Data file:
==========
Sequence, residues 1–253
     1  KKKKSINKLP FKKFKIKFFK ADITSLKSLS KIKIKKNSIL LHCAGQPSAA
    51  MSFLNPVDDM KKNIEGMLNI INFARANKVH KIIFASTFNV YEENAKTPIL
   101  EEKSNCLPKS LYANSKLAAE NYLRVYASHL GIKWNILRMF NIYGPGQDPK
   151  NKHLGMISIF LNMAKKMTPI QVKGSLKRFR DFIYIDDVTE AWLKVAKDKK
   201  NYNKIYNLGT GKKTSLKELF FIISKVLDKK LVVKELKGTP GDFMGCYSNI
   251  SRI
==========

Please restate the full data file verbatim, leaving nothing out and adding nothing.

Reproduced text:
Sequence, residues 1–253
     1  KKKKSINKLP FKKFKIKFFK ADITSLKSLS KIKIKKNSIL LHCAGQPSAA
    51  MSFLNPVDDM KKNIEGMLNI INFARANKVH KIIFASTFNV YEENAKTPIL
   101  EEKSNCLPKS LYANSKLAAE NYLRVYASHL GIKWNILRMF NIYGPGQDPK
   151  NKHLGMISIF LNMAKKMTPI QVKGSLKRFR DFIYIDDVTE AWLKVAKDKK
   201  NYNKIYNLGT GKKTSLKELF FIISKVLDKK LVVKELKGTP GDFMGCYSNI
   251  SRI